Red Onion Coleslaw
Mess Level: Low
Yield: 6 Servings
Prep Time: 20 min
Cook Time: None
- ½ Large, Green Cabbage
- ½ Small, Red Onion
- 3 Tablespoons Apple Cider Vinegar
- 1 Tablespoon Sugar
- ¼ teaspoon Kosher Salt
- ¾ -1 ½ Cups Mayonnaise
- Using a very sharp knife, thinly slice the red onion. It should be so thin you can almost see through it.
- Put the red onion in a large mixing bowl and add the vinegar, salt, and sugar. Stir to coat and then let the mixture sit for 15 minutes.
- Meanwhile, thinly slice the cabbage.
- When the onions have sat, add the cabbage and stir to coat in the vinegar and sugar mixture. Then begin by adding ¾ Cup mayonnaise and stir to coat. Add additional mayonnaise until the mixture is coated to your liking.
- Taste and add more sugar, salt or vinegar as needed. Enjoy!
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What is the purpose of letting the onions sit in the vinegar?
- Something magical is about to happen!
You are starting the process of pickling them. Just barely, so they’ll still have some crunch, but you are bringing out their flavor through this process.
Why do the onions need to be thin?
- There is such a thing as "too much of a good thing"....
If you have thick onion pieces, not only will it be unpleasant to bite into, but they will not begin to pickle in 15 minutes. A sharp knife is pretty integral to this as it’s really hard to slice anything thinly with a dull knife.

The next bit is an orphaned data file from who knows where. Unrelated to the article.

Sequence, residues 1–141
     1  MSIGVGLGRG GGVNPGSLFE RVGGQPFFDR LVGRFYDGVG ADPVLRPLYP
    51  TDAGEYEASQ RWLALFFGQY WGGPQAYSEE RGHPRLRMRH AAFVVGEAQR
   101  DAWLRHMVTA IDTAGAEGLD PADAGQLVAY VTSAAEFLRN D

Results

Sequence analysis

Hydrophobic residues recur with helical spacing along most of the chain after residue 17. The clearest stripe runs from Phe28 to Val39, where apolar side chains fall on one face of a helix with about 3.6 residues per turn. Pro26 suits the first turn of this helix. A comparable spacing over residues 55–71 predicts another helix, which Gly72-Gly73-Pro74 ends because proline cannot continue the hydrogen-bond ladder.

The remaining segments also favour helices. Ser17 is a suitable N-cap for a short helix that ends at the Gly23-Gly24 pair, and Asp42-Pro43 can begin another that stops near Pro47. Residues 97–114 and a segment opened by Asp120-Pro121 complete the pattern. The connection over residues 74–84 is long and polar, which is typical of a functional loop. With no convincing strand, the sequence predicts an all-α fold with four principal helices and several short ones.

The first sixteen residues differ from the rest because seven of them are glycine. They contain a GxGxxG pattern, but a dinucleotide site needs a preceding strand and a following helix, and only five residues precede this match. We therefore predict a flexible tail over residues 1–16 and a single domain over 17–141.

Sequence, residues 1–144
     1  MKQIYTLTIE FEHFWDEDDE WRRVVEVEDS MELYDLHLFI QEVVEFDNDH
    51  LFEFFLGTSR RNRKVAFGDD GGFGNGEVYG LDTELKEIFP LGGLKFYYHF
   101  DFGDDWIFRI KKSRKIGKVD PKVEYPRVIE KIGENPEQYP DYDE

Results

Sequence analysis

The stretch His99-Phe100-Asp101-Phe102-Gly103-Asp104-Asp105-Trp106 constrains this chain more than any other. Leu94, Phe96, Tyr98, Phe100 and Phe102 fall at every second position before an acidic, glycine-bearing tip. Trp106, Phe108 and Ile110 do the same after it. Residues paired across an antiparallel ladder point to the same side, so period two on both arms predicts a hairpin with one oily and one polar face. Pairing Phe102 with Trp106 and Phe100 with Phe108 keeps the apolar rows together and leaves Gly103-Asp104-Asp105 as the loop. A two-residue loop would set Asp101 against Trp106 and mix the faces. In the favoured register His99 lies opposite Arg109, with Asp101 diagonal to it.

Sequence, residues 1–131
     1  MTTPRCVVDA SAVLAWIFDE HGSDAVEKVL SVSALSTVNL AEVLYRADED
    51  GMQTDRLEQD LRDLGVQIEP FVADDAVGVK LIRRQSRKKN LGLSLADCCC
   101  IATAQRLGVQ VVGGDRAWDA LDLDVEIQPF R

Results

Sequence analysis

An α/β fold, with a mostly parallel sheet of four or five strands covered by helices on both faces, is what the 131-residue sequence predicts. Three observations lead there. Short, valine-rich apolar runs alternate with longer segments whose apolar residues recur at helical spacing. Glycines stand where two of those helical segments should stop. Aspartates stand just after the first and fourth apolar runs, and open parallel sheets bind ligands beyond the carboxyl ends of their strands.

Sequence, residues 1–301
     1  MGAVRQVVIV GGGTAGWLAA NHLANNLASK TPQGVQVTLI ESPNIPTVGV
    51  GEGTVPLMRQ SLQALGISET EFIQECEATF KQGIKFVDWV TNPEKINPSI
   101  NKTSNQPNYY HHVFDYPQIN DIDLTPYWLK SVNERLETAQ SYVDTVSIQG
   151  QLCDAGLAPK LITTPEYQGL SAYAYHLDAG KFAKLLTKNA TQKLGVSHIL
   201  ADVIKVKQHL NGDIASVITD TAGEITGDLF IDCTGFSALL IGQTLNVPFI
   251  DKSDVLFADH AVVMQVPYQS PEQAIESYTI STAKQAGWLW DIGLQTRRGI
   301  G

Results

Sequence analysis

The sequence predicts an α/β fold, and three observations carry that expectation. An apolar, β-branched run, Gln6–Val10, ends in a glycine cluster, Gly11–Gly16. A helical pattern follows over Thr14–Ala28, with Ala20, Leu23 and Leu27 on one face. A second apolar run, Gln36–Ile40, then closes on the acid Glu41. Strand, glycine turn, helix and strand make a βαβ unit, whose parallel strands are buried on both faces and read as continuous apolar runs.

Can I make this ahead of time?
- Wait for it...
Technically yes, but I advise waiting to add the mayonnaise until right before you serve it.
Ramblings of a Line Cook
There are two types of coleslaw:
- The soggy kind that has sat too long and tastes like watered-down cabbage.
- The AMAZING kind where you have vinegar and sugar aplenty and just a light coating of mayo over crisp, cabbage leaves.
I slivered the onions into paper-thin slices and then tossed them with apple cider vinegar, sugar, and a pinch of salt. I let that sit while I sliced the cabbage and got the rest of dinner together and then tossed the cabbage to coat it with the vinegar-sugar mixture, and stirred mayo into the whole thing just until it was lightly coated.
Tony and I sat down to eat it and my god, it was good. I’ve never been so eager to eat a quarter of a cabbage in my life. Possibly one of the simplest ways to make a coleslaw, and yet, the red onions barely beginning to pickle in the vinegar, salt and sugar make this mixture sing.
I’ve since served it to groups of people and I have yet to meet anyone who doesn’t say it’s the best coleslaw they’ve ever had. Give it a whirl! Try it with BBQ, on tacos, next to a piece of chicken or fish, but be careful, this may become your favorite, summer side for the rest of the year!